Obaro Ejimiwe, AKA Ghostpoet has a voracious and wide-ranging musical appetite: he praises everything from psychedelic rock band Gentle Giant to Beth Gibbons’ bleak folk album with Rustin Man via John Coltrane along with Serge Gainsbourg, Don Cherry, Caribou and Terry Callier. It’s telling that he gravitates towards one-of-a-kind auteurs who create their own musical worlds because on his newest release, the Meltdown EP (Released Today via Play It Again Sam/[PIAS] America), the Mercury Prize-nominated Ghostpoet has done just that.
Adding electronica to that palate, Ghostpoet collaborated with the UK-based recording artist Squarepusher to create a stylish remix of the EP’s title track. “Meltdown” is the disarmingly honest tale of one of those break-ups where both parties simply drift apart. The scarring lyrics “you and me weren’t meant to be and someone somewhere knew it from the start” expertly encapsulate everyman honesty of thought, emotion, and shoulder-shrug acceptance of failed love. Listen to it courtesy of Noisey HERE and share the MP3 that has just been made available HERE.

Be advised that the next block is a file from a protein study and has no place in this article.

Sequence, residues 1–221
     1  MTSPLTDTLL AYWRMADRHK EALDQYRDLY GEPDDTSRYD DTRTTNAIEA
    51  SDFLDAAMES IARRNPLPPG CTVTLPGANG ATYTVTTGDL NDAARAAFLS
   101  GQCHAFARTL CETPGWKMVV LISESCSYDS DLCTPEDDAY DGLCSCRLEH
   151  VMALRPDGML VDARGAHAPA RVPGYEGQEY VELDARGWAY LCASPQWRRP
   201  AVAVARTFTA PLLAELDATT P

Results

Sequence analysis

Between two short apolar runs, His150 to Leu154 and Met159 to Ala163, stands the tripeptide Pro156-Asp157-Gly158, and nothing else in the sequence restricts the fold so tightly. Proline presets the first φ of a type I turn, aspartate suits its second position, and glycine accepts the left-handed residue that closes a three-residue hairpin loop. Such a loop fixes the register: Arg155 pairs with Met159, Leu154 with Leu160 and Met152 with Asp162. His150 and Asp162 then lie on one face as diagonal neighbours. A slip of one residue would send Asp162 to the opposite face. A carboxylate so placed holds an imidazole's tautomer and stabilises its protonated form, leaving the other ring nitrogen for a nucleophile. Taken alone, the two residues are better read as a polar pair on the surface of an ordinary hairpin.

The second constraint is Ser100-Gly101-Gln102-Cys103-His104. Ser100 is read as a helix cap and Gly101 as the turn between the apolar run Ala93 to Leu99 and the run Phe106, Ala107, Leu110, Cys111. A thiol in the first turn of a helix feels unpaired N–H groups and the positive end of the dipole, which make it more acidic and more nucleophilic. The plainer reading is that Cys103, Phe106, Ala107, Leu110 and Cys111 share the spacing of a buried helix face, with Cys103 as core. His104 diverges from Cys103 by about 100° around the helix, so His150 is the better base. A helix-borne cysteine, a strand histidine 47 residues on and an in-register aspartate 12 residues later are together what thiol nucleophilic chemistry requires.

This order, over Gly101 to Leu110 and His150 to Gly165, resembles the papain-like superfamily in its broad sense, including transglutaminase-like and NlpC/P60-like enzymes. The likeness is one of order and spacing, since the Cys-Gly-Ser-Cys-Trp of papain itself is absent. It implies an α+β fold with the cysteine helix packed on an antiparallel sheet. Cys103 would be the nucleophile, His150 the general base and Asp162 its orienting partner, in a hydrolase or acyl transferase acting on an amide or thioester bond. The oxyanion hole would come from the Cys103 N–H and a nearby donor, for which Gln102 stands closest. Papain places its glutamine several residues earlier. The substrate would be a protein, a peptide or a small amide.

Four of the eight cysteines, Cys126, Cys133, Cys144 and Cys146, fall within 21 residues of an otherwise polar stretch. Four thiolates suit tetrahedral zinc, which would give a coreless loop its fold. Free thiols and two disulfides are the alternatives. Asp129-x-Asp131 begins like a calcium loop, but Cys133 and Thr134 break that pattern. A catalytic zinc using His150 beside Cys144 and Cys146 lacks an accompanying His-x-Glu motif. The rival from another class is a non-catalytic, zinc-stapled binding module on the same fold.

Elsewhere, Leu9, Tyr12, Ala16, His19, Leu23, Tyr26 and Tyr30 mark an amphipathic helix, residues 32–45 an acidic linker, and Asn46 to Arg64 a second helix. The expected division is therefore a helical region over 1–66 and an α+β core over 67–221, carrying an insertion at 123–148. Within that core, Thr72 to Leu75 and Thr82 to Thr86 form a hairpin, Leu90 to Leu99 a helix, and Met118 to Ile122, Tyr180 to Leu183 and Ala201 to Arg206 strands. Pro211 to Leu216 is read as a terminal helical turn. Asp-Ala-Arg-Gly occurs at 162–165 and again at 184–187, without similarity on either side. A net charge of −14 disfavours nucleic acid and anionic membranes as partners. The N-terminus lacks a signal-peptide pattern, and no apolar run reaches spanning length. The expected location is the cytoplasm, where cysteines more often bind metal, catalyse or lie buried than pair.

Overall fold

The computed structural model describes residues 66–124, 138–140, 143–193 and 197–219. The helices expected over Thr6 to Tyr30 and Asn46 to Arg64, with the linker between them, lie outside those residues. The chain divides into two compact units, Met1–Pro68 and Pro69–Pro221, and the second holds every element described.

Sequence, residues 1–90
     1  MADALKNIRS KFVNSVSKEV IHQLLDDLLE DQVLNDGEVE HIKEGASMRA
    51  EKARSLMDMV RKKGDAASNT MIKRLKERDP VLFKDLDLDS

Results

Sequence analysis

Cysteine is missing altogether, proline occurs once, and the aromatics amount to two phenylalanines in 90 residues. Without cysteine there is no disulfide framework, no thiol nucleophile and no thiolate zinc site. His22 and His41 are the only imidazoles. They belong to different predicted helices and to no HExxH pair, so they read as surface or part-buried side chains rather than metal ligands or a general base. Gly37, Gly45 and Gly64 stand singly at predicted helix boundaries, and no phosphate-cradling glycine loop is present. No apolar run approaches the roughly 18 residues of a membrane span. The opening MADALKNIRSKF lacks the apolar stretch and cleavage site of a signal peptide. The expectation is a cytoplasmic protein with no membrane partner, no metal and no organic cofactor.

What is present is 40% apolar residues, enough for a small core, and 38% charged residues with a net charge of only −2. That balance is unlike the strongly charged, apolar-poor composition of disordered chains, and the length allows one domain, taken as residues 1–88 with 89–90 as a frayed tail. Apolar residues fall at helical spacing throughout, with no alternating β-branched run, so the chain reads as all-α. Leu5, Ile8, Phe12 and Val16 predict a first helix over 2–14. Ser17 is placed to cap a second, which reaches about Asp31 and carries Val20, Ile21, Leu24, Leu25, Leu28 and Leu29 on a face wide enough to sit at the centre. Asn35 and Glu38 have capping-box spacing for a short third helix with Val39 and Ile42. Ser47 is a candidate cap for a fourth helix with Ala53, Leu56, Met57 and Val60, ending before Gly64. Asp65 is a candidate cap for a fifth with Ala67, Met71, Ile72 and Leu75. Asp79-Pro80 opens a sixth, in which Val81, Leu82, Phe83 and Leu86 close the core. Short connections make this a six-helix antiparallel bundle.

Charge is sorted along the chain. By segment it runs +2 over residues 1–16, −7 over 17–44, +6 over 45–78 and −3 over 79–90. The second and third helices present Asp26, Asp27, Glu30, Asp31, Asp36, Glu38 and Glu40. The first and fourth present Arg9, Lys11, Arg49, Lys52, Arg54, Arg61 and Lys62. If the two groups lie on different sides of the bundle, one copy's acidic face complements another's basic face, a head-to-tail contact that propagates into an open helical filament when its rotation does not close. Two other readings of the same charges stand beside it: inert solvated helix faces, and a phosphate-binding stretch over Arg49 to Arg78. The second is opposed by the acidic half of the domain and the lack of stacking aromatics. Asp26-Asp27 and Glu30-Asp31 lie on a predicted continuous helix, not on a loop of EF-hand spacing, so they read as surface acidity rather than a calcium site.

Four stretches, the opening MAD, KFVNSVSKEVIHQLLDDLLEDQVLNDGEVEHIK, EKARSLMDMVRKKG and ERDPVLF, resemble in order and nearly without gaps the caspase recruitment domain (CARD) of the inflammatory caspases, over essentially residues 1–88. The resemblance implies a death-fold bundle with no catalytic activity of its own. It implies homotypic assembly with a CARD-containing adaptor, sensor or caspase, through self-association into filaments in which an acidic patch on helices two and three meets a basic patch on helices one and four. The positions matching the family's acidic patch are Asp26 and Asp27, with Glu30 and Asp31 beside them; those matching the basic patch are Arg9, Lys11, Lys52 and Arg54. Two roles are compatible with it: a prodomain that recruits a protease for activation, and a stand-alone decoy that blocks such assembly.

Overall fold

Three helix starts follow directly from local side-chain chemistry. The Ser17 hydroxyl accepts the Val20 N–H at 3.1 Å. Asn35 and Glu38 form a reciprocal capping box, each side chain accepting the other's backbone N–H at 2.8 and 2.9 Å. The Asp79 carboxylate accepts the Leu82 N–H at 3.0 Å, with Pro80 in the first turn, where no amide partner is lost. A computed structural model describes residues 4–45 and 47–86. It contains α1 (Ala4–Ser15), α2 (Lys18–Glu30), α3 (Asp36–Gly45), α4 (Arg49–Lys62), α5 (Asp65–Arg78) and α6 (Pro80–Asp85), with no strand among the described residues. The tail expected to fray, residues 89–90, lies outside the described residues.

The Meltdown EP is the second release of Ghostpoet’s, following 2010’s Peanut Butter Blues & Melancholy Jam. But throughout, even when it plays second fiddle to the invention of the sounds, Ghostpoet’s lyrical voice is the compelling thread running through all of his albums.
“My lyrics are never about one specific thing, not even a particular subject matter,” Ghostpoet explains. “It’s all stream of consciousness that picks up different things at the same time. I want the listener to make up their own mind as to what the song’s about…But from the beginning I wanted to continue writing about the ups and downs of life: not just about me, but all sorts of people, known and unknown.”
Not since Massive Attacks ‘Blue Lines’ has a heavy heart and urban dread been so absorbing” – Q
”Ghostpoet serves up his bruised, tender hat with the steely precision of a master sushi chef.” – Mojo
“That Murky world of electro clicks ticks and cosmonaut synths that Thom Yorke has been dipping into for years, Ghostpoet lives for real.” – The NME